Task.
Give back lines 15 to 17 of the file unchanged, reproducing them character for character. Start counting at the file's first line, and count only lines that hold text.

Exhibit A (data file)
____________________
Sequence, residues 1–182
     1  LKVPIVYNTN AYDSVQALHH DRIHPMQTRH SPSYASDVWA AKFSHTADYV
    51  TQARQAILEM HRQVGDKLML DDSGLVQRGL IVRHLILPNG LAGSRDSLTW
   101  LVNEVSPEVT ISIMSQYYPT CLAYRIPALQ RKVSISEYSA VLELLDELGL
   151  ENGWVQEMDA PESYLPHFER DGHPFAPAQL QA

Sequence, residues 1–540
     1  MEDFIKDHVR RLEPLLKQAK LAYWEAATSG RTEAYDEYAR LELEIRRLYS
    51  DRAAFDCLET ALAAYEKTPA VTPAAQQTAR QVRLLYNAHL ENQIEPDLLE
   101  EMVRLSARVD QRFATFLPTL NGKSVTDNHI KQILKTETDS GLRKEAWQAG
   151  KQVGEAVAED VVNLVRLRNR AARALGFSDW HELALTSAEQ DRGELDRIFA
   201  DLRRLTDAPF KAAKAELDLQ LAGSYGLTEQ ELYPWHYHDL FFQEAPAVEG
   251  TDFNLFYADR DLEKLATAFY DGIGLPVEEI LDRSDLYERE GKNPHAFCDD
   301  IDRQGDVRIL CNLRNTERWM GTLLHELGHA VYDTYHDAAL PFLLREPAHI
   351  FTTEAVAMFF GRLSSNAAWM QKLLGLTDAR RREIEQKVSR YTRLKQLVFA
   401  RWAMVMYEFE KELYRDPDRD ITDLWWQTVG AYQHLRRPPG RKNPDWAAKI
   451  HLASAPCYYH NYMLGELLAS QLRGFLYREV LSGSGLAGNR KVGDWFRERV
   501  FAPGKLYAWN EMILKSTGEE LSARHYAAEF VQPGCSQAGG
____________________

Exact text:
   401  RWAMVMYEFE KELYRDPDRD ITDLWWQTVG AYQHLRRPPG RKNPDWAAKI
   451  HLASAPCYYH NYMLGELLAS QLRGFLYREV LSGSGLAGNR KVGDWFRERV
   501  FAPGKLYAWN EMILKSTGEE LSARHYAAEF VQPGCSQAGG